The questions presented are:

  1. Is an invented method of producing a new class of products patent-eligible under § 101 where it applies a groundbreaking insight of the inventor by using techniques in a novel and previously unknown combination to produce a previously unknown result?
  2. Whether the courts below erroneously conflated the patent-eligibility requirements of § 101 with the “enablement” requirements of § 112(a), thereby avoiding the more detailed analysis required under § 112 and denying overall patent eligibility on grounds not consistent with § 101 or this Court's precedents?

Cert. petition filed 2/18/16, waiver of respondent Hill's Pet Nutrition, Inc. filed 2/25/16, conference 4/15/16. Petition denied 4/18/16.

CAFC Opinion, CAFC Argument

Limelight Networks, Inc. v. Akamai Technologies, Inc. , No. 15-993

Question Presented:

In Limelight Networks, Inc. v. Akamai Technologies, Inc., 134 S. Ct. 2111 (2014), this Court noted that, under existing Federal Circuit law, “a method's steps have not all been performed as claimed by the patent unless they are all attributable to the same defendant, either because the defendant actually performed those steps or because he directed or controlled others who performed them.” Id. at 2117. This Court then held that, on the assumption that rule was correct, “there has simply been no infringement of the method [at issue in this case], because the performance of all the patent's steps is not attributable to any one person.” Id.

After remand, the en banc Federal Circuit reiterated that “[d]irect infringement under § 271(a) occurs where all steps of a claimed method are performed by or attributable to a single entity.” App. 25a.  But it nevertheless unanimously held that Limelight could be held liable for direct infringement of Akamai's method patent—despite this Court's prior holding and even though nine out of the ten en banc court judges had previously held that Limelight could not be held liable under that rule. In so ruling, the Federal Circuit adopted a patent-specific conduct-attribution rule divorced from traditional vicarious-liability standards.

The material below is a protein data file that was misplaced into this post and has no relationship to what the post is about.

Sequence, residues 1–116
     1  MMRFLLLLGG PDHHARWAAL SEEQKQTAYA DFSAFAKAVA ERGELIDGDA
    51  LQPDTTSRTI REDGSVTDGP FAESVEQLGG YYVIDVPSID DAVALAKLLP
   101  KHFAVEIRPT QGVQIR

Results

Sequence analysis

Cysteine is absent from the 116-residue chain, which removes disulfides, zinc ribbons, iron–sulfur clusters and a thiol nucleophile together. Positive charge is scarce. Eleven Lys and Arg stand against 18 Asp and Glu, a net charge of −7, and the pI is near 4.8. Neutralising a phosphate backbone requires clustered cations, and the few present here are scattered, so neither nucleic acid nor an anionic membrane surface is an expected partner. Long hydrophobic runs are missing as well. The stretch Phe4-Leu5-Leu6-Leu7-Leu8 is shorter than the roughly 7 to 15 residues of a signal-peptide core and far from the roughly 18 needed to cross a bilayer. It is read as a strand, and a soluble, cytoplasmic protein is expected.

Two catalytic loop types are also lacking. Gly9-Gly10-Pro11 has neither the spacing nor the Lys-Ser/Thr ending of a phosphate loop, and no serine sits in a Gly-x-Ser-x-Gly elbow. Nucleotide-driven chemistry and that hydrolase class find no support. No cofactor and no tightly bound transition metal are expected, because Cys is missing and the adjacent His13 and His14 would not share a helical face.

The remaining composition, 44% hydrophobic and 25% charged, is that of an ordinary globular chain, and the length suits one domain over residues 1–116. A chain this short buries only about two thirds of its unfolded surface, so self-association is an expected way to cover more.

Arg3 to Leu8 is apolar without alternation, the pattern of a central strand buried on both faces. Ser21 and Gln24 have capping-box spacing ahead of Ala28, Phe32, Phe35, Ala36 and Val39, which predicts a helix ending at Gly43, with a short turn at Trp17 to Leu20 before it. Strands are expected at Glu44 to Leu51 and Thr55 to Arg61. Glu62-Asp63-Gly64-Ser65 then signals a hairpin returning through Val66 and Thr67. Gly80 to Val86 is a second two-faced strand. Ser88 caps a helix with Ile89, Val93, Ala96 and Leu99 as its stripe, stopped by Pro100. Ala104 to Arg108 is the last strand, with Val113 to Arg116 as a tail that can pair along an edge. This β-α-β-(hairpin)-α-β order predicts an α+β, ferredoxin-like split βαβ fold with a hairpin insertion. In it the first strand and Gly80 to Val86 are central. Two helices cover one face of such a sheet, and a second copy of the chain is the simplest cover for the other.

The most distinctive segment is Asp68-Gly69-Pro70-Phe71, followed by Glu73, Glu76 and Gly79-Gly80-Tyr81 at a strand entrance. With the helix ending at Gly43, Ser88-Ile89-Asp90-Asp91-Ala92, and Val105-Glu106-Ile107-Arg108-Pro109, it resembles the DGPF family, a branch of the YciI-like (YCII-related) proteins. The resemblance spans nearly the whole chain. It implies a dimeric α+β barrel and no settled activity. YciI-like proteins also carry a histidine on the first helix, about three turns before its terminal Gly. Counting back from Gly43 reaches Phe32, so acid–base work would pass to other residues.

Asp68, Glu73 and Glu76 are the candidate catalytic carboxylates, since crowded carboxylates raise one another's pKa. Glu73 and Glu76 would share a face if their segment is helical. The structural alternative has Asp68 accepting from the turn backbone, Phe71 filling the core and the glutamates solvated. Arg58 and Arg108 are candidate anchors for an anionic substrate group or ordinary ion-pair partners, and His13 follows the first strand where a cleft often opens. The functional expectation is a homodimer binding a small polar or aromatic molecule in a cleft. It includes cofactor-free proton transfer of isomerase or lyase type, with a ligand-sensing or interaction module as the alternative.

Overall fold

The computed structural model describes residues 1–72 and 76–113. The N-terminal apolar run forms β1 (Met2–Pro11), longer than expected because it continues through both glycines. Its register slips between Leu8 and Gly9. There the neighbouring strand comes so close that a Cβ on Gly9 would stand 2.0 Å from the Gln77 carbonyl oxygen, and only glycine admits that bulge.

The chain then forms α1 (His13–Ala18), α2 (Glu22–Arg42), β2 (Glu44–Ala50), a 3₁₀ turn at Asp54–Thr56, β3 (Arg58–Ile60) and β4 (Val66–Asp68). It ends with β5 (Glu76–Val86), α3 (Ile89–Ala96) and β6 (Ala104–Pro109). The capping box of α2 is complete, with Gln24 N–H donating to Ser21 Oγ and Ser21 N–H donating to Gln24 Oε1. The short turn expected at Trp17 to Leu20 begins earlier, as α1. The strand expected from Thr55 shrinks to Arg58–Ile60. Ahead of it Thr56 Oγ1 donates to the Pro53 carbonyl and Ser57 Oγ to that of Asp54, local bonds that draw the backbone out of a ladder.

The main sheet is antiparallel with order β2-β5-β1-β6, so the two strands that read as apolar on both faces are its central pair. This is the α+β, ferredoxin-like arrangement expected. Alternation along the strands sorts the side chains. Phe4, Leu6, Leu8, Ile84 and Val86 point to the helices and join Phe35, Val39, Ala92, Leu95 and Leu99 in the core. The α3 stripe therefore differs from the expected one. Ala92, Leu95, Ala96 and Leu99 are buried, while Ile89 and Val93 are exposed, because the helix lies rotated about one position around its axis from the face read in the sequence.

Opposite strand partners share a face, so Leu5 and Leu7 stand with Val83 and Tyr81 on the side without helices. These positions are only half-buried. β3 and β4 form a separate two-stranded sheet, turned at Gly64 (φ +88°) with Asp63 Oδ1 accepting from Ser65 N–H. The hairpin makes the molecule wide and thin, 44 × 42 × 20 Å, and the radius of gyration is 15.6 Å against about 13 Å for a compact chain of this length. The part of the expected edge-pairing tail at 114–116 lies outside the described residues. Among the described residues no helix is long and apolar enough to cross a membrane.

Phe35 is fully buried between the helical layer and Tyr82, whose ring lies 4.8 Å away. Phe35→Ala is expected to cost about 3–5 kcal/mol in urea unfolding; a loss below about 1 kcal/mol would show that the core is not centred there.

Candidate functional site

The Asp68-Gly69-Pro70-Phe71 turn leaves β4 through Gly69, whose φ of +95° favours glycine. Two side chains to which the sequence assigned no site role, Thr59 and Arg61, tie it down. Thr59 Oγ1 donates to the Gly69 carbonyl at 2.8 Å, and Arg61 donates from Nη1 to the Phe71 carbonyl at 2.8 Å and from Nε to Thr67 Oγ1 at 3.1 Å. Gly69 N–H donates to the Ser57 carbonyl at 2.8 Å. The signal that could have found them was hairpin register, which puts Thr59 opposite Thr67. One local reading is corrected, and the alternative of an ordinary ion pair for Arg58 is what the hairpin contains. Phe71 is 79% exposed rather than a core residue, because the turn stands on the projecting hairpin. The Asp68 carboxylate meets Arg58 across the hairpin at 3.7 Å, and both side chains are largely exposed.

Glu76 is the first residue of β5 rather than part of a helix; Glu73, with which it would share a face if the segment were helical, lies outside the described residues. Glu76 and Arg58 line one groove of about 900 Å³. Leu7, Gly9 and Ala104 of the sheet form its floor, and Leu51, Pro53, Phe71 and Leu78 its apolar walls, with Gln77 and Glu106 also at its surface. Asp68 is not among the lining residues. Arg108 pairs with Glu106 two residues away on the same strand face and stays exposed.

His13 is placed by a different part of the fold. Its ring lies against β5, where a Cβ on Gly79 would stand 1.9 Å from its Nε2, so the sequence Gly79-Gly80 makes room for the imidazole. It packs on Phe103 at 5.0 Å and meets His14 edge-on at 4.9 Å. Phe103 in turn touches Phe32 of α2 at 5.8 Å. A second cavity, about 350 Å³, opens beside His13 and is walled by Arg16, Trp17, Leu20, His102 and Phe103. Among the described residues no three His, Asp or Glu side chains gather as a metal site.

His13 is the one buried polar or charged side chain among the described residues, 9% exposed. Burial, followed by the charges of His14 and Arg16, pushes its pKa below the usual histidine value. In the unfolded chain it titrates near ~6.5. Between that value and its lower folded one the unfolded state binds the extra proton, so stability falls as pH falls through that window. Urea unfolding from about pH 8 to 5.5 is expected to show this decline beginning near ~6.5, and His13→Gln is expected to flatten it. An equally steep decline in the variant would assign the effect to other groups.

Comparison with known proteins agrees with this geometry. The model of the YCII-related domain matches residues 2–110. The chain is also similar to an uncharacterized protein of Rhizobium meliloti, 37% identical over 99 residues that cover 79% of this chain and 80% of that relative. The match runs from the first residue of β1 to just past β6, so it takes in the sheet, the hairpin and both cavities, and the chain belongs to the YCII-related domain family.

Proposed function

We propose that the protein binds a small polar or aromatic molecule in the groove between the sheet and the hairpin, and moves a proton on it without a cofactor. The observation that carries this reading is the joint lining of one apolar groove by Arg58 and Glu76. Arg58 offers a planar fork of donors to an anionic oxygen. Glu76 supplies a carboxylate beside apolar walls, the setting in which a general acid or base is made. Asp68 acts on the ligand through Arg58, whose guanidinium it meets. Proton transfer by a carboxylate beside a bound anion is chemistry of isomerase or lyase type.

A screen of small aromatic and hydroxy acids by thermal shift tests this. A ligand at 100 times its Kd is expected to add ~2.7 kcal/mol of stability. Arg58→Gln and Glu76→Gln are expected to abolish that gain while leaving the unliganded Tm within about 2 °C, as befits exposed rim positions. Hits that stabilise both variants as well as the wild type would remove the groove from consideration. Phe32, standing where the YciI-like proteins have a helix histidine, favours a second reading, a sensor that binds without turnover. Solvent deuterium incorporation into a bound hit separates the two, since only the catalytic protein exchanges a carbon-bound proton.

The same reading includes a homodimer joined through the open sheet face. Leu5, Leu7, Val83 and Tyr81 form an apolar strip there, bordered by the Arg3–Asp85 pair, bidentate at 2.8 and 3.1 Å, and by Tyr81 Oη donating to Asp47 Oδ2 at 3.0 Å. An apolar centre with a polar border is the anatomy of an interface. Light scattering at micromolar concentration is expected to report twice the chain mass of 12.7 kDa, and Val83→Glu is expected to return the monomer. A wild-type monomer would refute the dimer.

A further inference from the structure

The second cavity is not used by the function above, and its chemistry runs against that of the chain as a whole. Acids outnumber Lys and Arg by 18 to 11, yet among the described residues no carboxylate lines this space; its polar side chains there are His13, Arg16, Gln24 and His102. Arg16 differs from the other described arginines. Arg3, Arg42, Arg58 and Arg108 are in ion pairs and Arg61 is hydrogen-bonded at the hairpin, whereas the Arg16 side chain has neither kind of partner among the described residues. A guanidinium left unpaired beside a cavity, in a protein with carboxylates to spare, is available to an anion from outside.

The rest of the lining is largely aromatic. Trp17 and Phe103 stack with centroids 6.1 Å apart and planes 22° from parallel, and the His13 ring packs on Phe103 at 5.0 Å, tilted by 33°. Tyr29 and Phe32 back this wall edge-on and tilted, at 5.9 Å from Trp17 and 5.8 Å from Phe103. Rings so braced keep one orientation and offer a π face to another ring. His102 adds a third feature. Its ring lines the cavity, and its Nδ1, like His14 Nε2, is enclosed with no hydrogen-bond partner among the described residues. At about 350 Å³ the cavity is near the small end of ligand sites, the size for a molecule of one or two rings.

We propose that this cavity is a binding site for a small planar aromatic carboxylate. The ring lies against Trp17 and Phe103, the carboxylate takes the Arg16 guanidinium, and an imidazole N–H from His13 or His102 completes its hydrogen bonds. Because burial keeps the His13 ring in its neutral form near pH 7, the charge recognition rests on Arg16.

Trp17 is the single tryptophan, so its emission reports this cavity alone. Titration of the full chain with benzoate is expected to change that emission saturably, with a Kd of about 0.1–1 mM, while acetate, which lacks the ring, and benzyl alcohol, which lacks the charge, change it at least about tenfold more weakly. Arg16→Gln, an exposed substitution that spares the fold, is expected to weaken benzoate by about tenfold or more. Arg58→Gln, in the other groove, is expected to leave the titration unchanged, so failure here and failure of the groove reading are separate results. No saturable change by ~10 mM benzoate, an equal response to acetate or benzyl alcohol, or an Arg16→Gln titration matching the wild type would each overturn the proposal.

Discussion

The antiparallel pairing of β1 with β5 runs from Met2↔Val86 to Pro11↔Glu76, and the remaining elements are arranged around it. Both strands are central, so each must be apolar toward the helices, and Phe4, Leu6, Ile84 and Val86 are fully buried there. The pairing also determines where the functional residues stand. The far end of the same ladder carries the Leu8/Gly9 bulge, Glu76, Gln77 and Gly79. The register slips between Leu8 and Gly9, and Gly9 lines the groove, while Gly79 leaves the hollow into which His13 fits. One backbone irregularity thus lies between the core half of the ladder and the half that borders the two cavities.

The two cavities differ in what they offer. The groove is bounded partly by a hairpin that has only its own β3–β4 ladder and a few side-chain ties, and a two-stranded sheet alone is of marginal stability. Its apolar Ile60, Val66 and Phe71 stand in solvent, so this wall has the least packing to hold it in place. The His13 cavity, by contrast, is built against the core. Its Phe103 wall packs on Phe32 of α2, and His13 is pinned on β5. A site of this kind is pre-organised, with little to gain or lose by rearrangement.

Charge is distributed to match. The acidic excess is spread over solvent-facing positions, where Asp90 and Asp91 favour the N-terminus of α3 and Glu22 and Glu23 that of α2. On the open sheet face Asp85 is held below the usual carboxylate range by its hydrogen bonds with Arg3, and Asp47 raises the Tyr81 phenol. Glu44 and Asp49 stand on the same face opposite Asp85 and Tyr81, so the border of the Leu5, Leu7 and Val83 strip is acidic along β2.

The question presented is:

Whether the Federal Circuit erred in holding that a defendant may be held liable for directly infringing a method patent based on the collective performance of method steps by multiple independent parties, even though the performance of all the steps of the method patent is “not attributable to any one person” under traditional vicarious-liability standards. Limelight, 134 S. Ct. at 2117.

Cert. petition filed 1/26/16, conference 4/15/16. Petition denied 4/18/16.

CAFC Opinion, CAFC Argument

WilmerHale represents respondents Akamai Technologies, Inc. et al.

MPHJ Technology Investments, LLC v. State of Vermont , No. 15-988

Question Presented:

Whether, pursuant to this Court's precedent in Ruhrgas Ag v. Marathon Oil Co., 526 U.S. 574 (1999) this case should be dismissed for lack of personal jurisdiction.

Conditional cross-petition filed 1/29/16, conference 4/15/16. Petition denied 4/18/16.

CAFC Opinion, CAFC Argument

State of Vermont v. MPHJ Technology Investments, LLC, No. 15-838

Question Presented:

In the America Invents Act, Congress amended the jurisdictional statutes relating to patent cases in response to this Court's decision in Holmes Group, Inc. v. Vornado Air Circulation Systems, Inc., 535 U.S. 826 (2002). In Holmes Group, the Court held that a defendant's compulsory counterclaim for patent infringement did not establish “arising under” jurisdiction for purposes of the Federal Circuit's appellate jurisdiction under 28 U.S.C. § 1295. The America Invents Act amended § 1295(a) to provide Federal Circuit jurisdiction over an appeal from a final decision of a district court “in any civil action arising under, or in any civil action in which a party has asserted a compulsory counterclaim arising under, any Act of Congress relating to patents.” Here, the Federal Circuit considered whether § 1295(a) afforded jurisdiction over an appeal from a district court order remanding this consumer-protection case to state court for the second time. The Federal Circuit interpreted § 1295(a) to provide jurisdiction based solely on a “counterclaim” that asserts federal preemption as a defense to the State's claim. The Federal Circuit reached—and wrongly decided—this jurisdictional issue despite holding that there were no grounds for the defendant's second removal to federal court. The question presented is: